Of the 96,000 misdemeanors, a full 30 percent were for driving with a suspended license. “A lot of people can’t get a license,” Aronberg said. “We arrest them, and we see them again and again and again, because they’re illegal, they can’t get a license because they owe child support or they have fines and they just can’t afford it. Eventually we give them jail time, but to them it’s worth the risk.”
The state attorney operates out of five offices, with the main office in West Palm Beach next to the county courthouse, and satellite offices in Palm Beach Gardens, Delray Beach, Belle Glade and on Gun Club Road in West Palm Beach, where first appearances and arraignments are held.
There are 117 prosecutors, 200 support staff and more than 100 volunteers. With more than 400 people, it operates as the largest law office in Palm Beach County.
“I love the job because unlike the state senate, where you’re one member of one of two houses of the legislative branch, which is one of three branches of the government, when you’re the state attorney, you’re one of one, you’re one of 20 in the state, but you’re all independent,” he said. “The attorney general is not the boss of the state attorneys. She’s independent. She is the state’s top cop, but we’re the top law enforcement officials in our districts.”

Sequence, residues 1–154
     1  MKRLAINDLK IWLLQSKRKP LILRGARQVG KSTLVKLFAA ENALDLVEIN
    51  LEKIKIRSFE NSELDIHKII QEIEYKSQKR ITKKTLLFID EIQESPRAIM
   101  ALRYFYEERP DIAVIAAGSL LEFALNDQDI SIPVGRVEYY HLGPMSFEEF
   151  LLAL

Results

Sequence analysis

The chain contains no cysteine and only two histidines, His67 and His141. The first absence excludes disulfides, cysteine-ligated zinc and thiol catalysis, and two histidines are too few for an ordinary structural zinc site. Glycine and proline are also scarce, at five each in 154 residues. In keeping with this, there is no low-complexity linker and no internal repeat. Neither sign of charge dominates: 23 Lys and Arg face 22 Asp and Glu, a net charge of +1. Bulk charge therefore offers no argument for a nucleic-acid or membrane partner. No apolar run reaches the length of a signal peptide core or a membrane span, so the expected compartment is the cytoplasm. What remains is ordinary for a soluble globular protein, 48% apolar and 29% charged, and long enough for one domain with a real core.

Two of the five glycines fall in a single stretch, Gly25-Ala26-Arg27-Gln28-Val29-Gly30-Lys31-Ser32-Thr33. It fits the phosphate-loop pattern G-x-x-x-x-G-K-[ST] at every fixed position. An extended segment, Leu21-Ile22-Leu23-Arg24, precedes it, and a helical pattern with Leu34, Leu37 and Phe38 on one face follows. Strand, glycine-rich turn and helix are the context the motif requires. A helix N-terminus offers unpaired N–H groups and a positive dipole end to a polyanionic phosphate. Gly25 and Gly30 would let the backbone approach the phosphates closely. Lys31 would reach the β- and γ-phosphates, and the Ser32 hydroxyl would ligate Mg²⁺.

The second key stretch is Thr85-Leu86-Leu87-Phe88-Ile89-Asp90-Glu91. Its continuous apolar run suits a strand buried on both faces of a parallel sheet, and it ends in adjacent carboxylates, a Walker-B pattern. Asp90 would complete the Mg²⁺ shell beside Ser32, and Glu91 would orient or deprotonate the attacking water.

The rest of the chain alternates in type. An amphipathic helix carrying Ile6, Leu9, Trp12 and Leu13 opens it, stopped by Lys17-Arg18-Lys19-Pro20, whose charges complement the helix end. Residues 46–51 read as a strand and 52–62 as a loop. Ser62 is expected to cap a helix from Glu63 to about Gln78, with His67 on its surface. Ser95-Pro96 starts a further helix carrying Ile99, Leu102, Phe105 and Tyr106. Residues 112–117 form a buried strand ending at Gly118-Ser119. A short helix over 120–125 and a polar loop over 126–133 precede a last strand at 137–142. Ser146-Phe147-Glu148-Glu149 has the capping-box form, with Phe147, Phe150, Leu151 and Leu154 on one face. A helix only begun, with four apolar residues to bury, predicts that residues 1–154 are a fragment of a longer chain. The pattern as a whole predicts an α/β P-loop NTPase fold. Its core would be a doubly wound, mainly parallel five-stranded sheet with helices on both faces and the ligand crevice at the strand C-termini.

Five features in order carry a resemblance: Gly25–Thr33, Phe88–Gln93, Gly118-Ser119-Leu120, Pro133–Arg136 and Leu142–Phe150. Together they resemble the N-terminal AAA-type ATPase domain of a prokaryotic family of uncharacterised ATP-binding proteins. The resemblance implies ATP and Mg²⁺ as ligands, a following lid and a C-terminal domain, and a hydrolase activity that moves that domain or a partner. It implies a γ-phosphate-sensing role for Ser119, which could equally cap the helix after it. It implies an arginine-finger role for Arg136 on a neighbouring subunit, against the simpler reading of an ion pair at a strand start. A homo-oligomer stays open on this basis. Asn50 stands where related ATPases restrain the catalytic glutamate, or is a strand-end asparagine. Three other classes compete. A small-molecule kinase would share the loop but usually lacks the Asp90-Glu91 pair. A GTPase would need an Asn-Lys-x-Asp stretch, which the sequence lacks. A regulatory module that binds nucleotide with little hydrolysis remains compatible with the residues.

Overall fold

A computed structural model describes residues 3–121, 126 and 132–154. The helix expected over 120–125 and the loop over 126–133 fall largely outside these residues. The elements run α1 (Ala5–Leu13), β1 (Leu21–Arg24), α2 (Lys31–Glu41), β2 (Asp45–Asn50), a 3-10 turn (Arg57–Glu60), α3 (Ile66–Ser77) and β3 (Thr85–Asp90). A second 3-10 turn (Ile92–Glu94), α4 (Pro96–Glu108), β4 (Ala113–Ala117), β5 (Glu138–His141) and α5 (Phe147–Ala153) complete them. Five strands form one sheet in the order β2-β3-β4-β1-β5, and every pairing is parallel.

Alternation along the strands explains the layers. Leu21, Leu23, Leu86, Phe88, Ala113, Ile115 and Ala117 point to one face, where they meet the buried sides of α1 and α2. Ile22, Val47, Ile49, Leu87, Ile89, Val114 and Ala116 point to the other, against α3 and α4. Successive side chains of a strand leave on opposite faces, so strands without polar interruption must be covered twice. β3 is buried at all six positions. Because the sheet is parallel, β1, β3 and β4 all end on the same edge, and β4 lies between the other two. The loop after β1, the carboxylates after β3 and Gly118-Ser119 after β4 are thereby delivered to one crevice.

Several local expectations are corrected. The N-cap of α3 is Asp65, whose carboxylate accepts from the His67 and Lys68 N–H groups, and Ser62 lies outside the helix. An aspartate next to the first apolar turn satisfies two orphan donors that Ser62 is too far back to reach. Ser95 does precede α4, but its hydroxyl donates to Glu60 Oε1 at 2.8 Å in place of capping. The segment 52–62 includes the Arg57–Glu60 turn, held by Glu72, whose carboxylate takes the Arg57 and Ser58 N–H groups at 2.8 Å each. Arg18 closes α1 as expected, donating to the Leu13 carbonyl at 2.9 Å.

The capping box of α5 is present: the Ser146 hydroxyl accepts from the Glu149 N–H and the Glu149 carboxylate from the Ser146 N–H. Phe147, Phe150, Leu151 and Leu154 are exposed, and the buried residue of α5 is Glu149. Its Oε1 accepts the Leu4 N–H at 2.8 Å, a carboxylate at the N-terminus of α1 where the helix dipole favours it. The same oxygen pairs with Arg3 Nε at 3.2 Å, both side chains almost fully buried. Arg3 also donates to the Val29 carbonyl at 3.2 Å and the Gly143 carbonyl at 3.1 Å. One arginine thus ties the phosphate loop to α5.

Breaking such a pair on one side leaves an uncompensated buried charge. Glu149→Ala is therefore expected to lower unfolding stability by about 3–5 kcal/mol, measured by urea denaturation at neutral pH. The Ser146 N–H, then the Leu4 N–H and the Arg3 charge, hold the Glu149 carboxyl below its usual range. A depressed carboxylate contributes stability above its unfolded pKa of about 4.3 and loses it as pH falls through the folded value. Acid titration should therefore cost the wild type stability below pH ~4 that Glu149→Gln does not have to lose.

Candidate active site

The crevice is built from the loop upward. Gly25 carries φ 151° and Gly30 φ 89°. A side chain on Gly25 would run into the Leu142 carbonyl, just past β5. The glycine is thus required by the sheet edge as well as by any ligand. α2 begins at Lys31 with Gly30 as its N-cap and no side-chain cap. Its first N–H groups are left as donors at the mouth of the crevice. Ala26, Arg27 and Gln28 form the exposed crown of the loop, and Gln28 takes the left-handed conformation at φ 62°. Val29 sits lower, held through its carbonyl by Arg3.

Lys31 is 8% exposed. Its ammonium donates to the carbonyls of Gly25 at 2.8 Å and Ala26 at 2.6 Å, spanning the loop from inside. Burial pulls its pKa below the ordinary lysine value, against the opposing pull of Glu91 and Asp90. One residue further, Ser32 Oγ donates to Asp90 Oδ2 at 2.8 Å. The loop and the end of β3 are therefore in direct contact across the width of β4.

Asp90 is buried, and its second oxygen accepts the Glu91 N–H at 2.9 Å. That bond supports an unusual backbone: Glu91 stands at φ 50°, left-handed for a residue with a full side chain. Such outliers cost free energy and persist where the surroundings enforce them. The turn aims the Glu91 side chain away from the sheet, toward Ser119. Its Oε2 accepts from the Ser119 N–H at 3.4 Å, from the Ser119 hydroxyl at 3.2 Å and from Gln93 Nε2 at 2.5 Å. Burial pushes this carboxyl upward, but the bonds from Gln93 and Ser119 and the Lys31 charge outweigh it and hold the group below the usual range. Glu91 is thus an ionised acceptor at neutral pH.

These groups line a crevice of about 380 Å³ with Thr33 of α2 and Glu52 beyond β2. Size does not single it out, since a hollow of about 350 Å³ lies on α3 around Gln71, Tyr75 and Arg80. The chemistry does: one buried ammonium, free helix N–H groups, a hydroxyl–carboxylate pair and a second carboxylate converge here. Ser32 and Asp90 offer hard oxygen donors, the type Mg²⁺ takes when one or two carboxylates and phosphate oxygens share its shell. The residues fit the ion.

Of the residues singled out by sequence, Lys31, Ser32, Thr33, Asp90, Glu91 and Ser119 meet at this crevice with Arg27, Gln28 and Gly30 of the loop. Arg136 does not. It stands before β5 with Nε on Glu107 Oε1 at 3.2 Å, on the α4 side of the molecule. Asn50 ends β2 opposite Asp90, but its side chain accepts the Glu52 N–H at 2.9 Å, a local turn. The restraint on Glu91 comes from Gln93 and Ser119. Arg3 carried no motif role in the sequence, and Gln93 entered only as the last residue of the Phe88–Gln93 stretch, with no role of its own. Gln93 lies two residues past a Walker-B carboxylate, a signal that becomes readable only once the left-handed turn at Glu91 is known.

Aronberg said that his office works closely with the Palm Beach County Sheriff’s Office. It takes both agencies to run an effective law enforcement system.
“If the sheriff wants to arrest someone, he can do so, but it’s up to us to file the charges,” he said. “If we don’t file the charges, that person goes free. If we want someone arrested, we file the charges and the sheriff or the police chief has to arrest that person, so in that sense, this is the most powerful position in Palm Beach County.”
On the other hand, the PBSO has a far larger budget. “Our budget is $22.5 million a year. The sheriff’s budget is half a billion dollars,” Aronberg said. “The sheriff gets funded by the county. We get funded by the state. That’s one reason why our budget is so limited.”
He also pointed out that while the state attorney’s office has about 400 employees, the sheriff has thousands. The sheriff also has an armed guard.